Groups are not monolithic either
Latino/a vote by ancestry
See also http://wwwpersonal.umich.edu/~mejn/ele ction/2012/
Reminds me of “the most important candidate quality” in exit polls
The White Vote
For a reflection see: By Karl Rove June 27, 2013 More White Votes Alone Won't Save the GOP To win the presidency in 2016, the party needs to do better with Hispanics.
http://online.wsj.com/news/art icles/SB10001424127887323 873904578569480696746650
Parties are COALITIONS
(a) Describe three groups that were significant in President Obama's electoral coalition and explain why each was important (b) Describe the problems that President Obama may have in sustaining his winning coalition
The parties themselves have divisions with in them . . .
Here Come the Economic Populists November 26, 2006
Fiscal vs Social Conservatives • would argue that the government should be small, especially when it comes to taxation, government expenditures and deficits, and government debt VS. . . . • Argues that government and/or society have a role in encouraging or enforcing what they consider traditional values or behaviors
November 27, 2011, 11:34 pm 509 Comments The Future of the Obama Coalition By THOMAS B. EDSALL For decades, Democrats have suffered continuous and increasingly severe losses among white voters. But preparations by Democratic operatives for the 2012 election make it clear for the first time that the party will explicitly abandon the white working class. All pretense of trying to win a majority of the white working class has been effectively jettisoned in favor of cementing a center-left coalition made up, on the one hand, of voters who have gotten ahead on the basis of educational attainment — professors, artists, designers, editors, human resources managers, lawyers, librarians, social workers, teachers and therapists — and a second, substantial constituency of lower-income voters who are disproportionately African-American and Hispanic.
Next Points • Parties are more distinct • Growing Partisanship—why and ramifications • We have a 2 party dominant System
What does this define? Firm adherence to a political party
Contrast this: Of, consisting of, or supported by members of two parties, especially two major political parties
The parties are becoming more distinct . . . . From the Economist: Motion dismissed Jul 14th 2005
American politics is both too rigid and too flexible AMERICAN society has been getting less like Europe's. It is growing faster and ageing more slowly, it is geographically more mobile and (dare one say it) has become more divided between rich and poor. Yet at the same time, the structure of American politics (though not its ideology) is getting more “European”. Political parties are becoming more coherent in their beliefs, and the system of government is more centralised. . . . This does not mean that party structures themselves have strengthened. In fact, in terms of raising money they are weaker than they have been throughout most of American history. But the parties are ideologically more distinct. And within the parties, politicians are more partisan and less diverse in their backgrounds. . . . American parties used to be ad hoc cliques and loose regional coalitions. Party grandees chose likely candidates on the basis of patronage and loyalty, not ideology. But the defection of conservative southerners from Democrats to Republicans—and the mirror-image move of north-eastern Republicans to Democrats—made both parties' ideologies much clearer. Now almost all conservatives are Republican and almost all liberals are Democrats. When George Wallace was governor of Alabama, he used to say that there wasn't a dime's worth of difference between the parties. You could not say that now.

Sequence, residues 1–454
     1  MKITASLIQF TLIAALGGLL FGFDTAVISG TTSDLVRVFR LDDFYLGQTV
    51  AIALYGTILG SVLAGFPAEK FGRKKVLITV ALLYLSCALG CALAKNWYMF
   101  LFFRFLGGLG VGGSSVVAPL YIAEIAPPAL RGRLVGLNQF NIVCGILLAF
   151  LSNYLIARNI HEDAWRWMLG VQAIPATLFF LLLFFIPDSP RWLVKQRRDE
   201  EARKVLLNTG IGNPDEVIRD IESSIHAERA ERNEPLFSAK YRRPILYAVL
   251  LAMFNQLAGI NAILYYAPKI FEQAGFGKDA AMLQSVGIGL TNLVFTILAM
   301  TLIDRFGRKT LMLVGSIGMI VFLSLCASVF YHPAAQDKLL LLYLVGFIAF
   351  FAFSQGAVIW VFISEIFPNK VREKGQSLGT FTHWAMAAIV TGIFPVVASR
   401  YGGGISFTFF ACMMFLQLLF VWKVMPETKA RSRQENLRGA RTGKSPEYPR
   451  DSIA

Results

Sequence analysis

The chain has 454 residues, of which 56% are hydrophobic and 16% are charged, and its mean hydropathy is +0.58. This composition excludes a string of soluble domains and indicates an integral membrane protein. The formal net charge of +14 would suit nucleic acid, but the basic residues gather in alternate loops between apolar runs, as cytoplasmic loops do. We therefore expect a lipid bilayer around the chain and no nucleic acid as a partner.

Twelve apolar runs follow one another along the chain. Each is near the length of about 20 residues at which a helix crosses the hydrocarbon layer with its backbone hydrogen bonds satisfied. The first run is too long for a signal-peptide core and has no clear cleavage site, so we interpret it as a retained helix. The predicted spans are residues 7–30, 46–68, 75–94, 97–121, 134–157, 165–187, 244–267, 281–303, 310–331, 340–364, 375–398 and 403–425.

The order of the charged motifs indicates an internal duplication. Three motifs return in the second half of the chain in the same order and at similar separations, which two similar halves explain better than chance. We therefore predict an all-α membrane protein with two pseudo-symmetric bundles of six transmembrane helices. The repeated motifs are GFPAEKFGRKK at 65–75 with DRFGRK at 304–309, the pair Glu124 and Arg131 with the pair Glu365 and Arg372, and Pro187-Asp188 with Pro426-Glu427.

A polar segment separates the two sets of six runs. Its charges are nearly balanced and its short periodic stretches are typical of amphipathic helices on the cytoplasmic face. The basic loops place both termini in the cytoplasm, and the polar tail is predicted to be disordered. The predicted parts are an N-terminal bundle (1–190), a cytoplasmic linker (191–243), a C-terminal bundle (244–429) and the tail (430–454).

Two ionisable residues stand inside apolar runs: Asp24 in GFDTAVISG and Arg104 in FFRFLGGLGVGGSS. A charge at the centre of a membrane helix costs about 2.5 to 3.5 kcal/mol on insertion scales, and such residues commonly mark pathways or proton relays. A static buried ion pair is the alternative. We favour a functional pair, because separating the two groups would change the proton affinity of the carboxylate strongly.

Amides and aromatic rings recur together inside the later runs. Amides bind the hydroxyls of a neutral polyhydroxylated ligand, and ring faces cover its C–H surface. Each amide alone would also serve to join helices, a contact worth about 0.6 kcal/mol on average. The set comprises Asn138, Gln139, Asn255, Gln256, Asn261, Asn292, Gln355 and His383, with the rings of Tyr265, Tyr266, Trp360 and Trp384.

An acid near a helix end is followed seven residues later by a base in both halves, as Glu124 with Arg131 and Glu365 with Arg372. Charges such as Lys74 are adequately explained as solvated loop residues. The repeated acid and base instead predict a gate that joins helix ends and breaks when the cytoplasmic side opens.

Above all, polarisation has grown in the electorate, evidenced by a sharp decline in split-ticket voting (choosing a president from one party and a congressional representative from another). In 1972, 44% of congressmen and women represented a different party from the one whose presidential candidate carried their district. In 2000, the share was under 20%. The truly independent voter seems to be disappearing. That may seem curious, because those who call themselves independents easily outnumber self-identified Democrats or Republicans. Yet most so-called independents vote consistently one way or the other. The White House reckons that less than one-third of independent voters actually switched parties in the past three elections. With the decline of swing voters, there seems less and less point in running presidential campaigns to appeal to the slim middle. Instead, elections have become contests to mobilise core supporters.
Rising partisanship-why? •Shrinking political center as parties get more homogenous •Redistricting creates safe seats •Govt controlled by slim majority so imperative that loyalty be enforced •Congressional lifestyles—fewer live in DC so don’t socialize •Money: more time needed to raise money, so don’t socialize •Media lives on accentuating, and in some cases manufacturing, differences. “The twenty-four/seven media cycle means policymakers must take more time to feed the beast.” •American public: see Pew Research values study
A party-line vote in a deliberative assembly (such as a constituent assembly, parliament, or legislature) is a vote in which every member of a political party votes the same way (usually in opposition to the other political party(ies) whose members vote the opposite way). See the vote on Obamacare: https://www.govtrack.us/congress/votes/111-2009/s396
Partisan Polarization Surges in Bush, Obama Years Trends in American Values: 1987-2012 http://www.people-press.org/2012/06/04/partisanpolarization-surges-in-bush-obama-years/
In recent years, both parties have become smaller and more ideologically homogeneous. Republicans are dominated by self-described conservatives, while a smaller but growing number of Democrats call themselves liberals. Among Republicans, conservatives continue to outnumber moderates by about two-to-one. And there are now as many liberal Democrats as moderate Democrats.
Few people recognize that the previous bipartisan era was an aberration, not the historical norm. Consider, for instance, this plot of estimated party polarization in Congress:
Redistricting creating safe seats As the economist says . . .. . . In a normal democracy, voters choose their representatives. In America, it is rapidly becoming the other way around www.economist.com/world/na/displayStory.cfm?story_id=1099030